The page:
I know very few shooters who only see firearms as simple tools like a chainsaw or a lawn mower. I’ve been accumulating firearms for 55 years so there is no doubt there are some which are rarely used, if at all. But that does not negate pride of ownership nor personal attachment as there are pleasant memories attached to every one of them. Good times with friends and family, hunting trips, silhouette shoots, cowboy action matches, just plain woods bumming, plinking, long-range shooting at rocks, wandering around sagebrush, foothills, forest, and mountains. Even though they may never be used much anymore, pride of ownership prevents me from selling them, at least at this point of my life, and I hope most of them will someday be enjoyed by my grandsons and their grandsons.

If I were a betting man I would wager most reading this right now still have their first firearm. Acquiring the first gun is almost like a rite of passage, a symbol of growing up. Mine was the Marlin 39A .22 levergun. I learned to shoot with that rifle, my wife learned to shoot with it, all my kids followed suit, and yes my grandkids did the same. I don’t shoot it much anymore, but it has been joined by two more just like it and the grandson trio spent a lot of time, and a lot of ammunition, shooting that nearly 55-year-old Marlin and its partners this summer.

Each grandson gets one and none will ever know which one was the original. Every time someone shows me a firearm and tells me it was grandpa’s gun they get the same advice: “Don’t ever sell grandpa’s gun; someday many years from now some other young boy should be showing his friends his grandpa’s gun and you will be that grandpa.” There is something very special, very emotional, about family firearms.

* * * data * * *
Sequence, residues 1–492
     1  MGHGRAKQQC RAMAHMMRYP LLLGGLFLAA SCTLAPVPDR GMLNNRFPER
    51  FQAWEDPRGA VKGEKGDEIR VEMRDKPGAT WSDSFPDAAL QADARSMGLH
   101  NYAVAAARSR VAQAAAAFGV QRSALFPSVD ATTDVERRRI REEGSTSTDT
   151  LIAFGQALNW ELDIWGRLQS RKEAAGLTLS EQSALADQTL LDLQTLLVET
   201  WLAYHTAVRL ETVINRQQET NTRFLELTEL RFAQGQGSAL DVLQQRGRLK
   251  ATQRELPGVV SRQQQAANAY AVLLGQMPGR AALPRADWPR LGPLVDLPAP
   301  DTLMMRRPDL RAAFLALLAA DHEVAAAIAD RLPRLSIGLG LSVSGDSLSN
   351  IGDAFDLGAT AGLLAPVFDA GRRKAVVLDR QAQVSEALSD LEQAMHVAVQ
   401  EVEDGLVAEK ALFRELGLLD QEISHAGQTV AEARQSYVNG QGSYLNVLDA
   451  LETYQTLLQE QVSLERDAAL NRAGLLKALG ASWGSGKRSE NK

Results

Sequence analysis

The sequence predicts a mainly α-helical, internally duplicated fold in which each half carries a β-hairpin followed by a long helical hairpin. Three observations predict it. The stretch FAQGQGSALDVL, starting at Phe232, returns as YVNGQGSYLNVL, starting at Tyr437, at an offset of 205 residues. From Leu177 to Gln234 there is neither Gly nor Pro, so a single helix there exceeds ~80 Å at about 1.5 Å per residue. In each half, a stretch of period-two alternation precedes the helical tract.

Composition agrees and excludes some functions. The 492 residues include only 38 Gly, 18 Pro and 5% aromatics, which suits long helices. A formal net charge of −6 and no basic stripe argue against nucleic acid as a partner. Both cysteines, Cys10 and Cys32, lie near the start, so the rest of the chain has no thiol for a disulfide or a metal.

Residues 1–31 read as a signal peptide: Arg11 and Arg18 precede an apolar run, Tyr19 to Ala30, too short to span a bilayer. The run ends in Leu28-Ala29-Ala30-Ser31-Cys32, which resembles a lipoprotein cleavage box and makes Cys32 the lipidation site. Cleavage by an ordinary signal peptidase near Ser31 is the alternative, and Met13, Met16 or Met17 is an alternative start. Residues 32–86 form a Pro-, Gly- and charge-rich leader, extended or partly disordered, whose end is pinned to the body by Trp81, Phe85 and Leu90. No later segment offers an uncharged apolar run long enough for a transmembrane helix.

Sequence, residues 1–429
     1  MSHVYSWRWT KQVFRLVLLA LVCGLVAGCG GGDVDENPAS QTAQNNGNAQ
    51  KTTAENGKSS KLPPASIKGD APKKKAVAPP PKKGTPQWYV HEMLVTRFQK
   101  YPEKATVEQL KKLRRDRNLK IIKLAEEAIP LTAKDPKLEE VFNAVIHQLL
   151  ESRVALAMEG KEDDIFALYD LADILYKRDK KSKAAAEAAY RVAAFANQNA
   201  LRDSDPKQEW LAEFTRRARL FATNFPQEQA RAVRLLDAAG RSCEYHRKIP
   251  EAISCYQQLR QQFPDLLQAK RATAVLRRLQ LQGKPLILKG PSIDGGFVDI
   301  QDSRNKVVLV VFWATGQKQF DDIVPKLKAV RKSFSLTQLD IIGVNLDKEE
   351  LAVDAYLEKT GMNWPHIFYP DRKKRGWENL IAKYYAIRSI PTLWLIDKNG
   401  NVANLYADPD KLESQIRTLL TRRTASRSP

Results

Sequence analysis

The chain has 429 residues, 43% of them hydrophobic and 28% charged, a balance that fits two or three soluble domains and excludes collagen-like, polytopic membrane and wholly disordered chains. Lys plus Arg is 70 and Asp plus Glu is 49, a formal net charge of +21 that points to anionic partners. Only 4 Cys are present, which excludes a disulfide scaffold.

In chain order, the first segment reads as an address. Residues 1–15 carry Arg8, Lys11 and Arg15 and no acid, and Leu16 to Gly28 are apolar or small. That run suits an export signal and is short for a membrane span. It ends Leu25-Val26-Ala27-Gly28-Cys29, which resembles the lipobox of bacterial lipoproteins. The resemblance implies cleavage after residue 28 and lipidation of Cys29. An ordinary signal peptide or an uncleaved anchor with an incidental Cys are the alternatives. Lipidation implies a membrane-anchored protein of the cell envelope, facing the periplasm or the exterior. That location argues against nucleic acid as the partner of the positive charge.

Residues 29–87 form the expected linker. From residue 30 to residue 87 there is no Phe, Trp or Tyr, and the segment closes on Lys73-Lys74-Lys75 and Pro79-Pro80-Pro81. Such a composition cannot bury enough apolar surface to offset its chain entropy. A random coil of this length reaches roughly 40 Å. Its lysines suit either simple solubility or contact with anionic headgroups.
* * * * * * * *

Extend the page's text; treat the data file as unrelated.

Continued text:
Sometime in late 1956 or early 1957 I bought my first .44 Magnum which was a 6-1/2″ Ruger Flattop Blackhawk. It was soon cut to 4-5/8″ and logged many miles during Idaho hunting seasons. In the early 1970s it went back to Ruger to be re-barreled to 7-1/2″ and remains so today. About the same time Diamond Dot, even though we couldn’t afford it at the time, insisted I buy the 10″ Flattop .44 Blackhawk we found at the Gunhaus when I returned from my final summer classes for my Masters Degree at the University of Montana.

It was my first dedicated hunting handgun. I was wearing it in a Goerg shoulder holster when I saw the biggest Idaho muley buck ever. It surpassed everything I had ever been seen before or since. I sat there at way too many hundreds of yards in the waning light of the day and simply watched him. I did not feel sorry I could not get on him and that day became a true handgun hunter with all its limitations. How could I sell either one of these sixguns? I haven’t shot either one for several years and I won’t put full-house loads through them anymore. However, I just loaded up some 1,100 fps loads with 200-220-grain bullets and hopefully next spring they will get another workout.